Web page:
Suppliers welcome the advent of G-Cloud 10, but concerns remain

Joe Curtis

8 Mar, 2018

Public sector suppliers have welcomed a government turnaround that will now see G-Cloud 10 go live in June 2018.

Vendors will be able to apply to list their services on the public sector cloud procurement framework from April, much sooner than expected after Whitehall had initially mooted extending the previous iteration of G-Cloud into 2019.

Crown Commercial Services’ (CCS’s) decision to effectively reverse its earlier position means a new glut of small cloud suppliers can bid for government work, while companies already listed on G-Cloud can update the services they offer.

Oliver Dowden, minister for implementation, said: “I’m pleased to confirm that we will re-let the G-Cloud framework, which provides opportunities to many small businesses in the digital sector.

“This will provide innovative online solutions to government, supporting the delivery of efficient, effective public services. Small businesses are the backbone of our economy, so it’s crucial that we listen to them when shaping policy, as we have done today.”

Suppliers can typically expect details of a new version of G-Cloud to circulate around six months before it’s due to launch, but by November last year they had yet to receive any information from CCS, which subsequently extended G-Cloud 9 until May 2019.

But rumours of a turnaround have been rumbling for some time, and CCS cancelled a webinar back in January, saying it was “overwhelmed by the feedback we have received for G10”.

Suppliers can finally update their offerings

News this week that G-Cloud 10 is once again on the horizon was therefore welcomed by suppliers that rely on the framework for large portions of their businesses.

Nicky Stewart, commercial director of IaaS, PaaS and email provider UKCloud, told Cloud Pro: “I’m absolutely delighted that they have brought it forward for all sorts of reasons. First but not foremost it shows CCS is capable of listening because there was a bit of an outcry when they did delay G10.

“For UKCloud, we have a host of exciting new products and services and it’s great now we have a near-term vehicle to reach public sector buyers with those, but above all it shows that government is committed to G-Cloud, that it’s committed to the SMB community and the rapid benefits G-Cloud is bringing government.”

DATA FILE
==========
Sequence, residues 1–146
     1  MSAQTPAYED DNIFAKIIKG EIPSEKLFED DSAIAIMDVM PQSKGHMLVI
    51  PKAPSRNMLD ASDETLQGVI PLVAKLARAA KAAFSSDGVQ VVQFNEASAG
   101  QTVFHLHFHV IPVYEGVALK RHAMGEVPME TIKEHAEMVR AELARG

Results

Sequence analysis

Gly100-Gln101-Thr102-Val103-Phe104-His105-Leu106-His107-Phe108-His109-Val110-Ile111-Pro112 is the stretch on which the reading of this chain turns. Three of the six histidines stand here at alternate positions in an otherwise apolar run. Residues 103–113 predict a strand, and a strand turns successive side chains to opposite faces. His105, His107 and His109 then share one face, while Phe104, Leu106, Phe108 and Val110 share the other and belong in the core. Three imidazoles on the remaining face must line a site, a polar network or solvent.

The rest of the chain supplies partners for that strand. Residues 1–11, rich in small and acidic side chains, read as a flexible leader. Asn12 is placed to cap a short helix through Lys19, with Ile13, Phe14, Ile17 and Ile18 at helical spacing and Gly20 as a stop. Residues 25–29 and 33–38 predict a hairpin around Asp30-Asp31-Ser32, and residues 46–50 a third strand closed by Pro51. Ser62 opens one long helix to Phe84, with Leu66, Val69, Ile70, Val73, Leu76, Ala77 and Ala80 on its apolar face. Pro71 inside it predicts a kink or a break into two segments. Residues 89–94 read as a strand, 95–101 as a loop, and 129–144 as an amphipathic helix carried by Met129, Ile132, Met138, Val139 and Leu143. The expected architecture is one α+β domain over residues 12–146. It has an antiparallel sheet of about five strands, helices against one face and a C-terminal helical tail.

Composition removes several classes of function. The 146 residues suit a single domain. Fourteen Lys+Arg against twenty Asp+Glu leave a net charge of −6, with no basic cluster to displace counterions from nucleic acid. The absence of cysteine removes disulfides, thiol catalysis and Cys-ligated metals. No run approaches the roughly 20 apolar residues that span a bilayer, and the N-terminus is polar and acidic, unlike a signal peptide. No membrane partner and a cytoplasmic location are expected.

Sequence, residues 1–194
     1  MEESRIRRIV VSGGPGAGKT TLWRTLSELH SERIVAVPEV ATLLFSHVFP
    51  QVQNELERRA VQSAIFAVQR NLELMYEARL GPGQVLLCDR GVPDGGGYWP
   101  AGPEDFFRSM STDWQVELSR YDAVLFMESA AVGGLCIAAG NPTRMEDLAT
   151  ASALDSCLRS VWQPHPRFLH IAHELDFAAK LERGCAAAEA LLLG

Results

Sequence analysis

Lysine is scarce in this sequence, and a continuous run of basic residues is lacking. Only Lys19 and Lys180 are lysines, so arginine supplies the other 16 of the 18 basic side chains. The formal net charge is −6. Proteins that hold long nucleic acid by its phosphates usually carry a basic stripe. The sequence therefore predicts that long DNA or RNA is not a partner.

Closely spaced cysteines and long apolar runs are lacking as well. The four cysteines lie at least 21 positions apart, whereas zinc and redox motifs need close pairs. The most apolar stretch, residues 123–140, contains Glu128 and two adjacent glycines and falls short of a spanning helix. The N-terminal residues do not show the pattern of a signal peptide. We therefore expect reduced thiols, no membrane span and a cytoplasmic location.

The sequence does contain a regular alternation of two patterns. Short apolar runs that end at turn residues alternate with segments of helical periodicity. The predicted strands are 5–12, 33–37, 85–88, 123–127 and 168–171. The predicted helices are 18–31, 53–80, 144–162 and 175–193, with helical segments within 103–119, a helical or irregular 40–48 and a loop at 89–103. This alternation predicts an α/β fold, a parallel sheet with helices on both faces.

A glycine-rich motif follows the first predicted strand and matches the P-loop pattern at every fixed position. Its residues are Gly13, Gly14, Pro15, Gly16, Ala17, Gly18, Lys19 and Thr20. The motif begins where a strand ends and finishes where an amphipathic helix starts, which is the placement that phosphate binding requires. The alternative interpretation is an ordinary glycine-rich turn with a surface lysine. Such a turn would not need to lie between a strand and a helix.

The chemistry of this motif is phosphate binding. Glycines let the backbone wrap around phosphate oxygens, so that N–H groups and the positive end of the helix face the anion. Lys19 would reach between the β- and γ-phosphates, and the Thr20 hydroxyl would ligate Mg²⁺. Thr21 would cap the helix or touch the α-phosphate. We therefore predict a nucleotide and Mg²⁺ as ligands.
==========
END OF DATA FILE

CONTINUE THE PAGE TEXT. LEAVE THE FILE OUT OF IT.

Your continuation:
Harry Metcalfe, MD of digital design supplier dxw, added: “We have lots of new services we were working on for G-Cloud so we were irritated it was delayed, so this is really great news.

“Frankly I think that speaks quite highly of CCS [that they brought G10 forward]. CCS puts itself out there as an organisation that listens to its suppliers and here they have demonstrated that’s really truly the case.”

The current G-Cloud 9 framework has 2,856 suppliers, over 90% of which are SMBs, and the arrival of version 10 means even more suppliers will be able to join it.

Industry trade body TechUK’s head of public sector, Rob Driver, said: “The announcement of the G-Cloud 10 framework should be welcomed as it allows new innovative providers to work with government, enables new services to be provided and is an opportunity to engage with the wider public sector to make use of the framework.”

But challenges for suppliers remain with the Digital Marketplace

Since its creation in 2012, G-Cloud has seen public sector buyers spend more than £2.8 billion with private sector companies, with nearly half of that going to small and medium businesses.

But this spending data is old, dating from the end of 2017, and this is just one of the issues suppliers still have with G-Cloud, and the Digital Marketplace within which the framework sits.

“With G-Cloud there’s no visibility of the tenders and opportunities,” said UKCloud’s Stewart. “For a very transparent framework one of the areas that could be improved is you have no idea as a supplier if you’re on any buyers’ lists or in the running for an opportunity.”

Only shortlisted suppliers get that insight, making it harder to understand what opportunities are in the pipeline, what competitors you’re up against or what buyers are searching for, she said.

“The only way to extrapolate that kind of data is to get the G-Cloud spend data, but … we have only got data up to the end of 2017. That means it’s quite difficult to understand the market.”

Another issue Stewart highlighted was the fact that suppliers cannot alter prices on a framework, and are being forced to wait until the next iteration comes along to make revisions. This is an issue for vendors that face increased third-party costs, she said.

“There has to be some consideration of how do you deal with third-party price rises that are out of suppliers’ control,” she argued. “SMBs are not as well placed to absorb those increases as bigger suppliers.”

Unspecified delays to the next versions of both the Digital Outcomes and Specialists (DOS) framework to draft in digital specialists, and the Cyber Security Services framework, have become a bugbear for dxw’s Metcalfe, but he said he’s hopeful they won’t be delayed for much longer.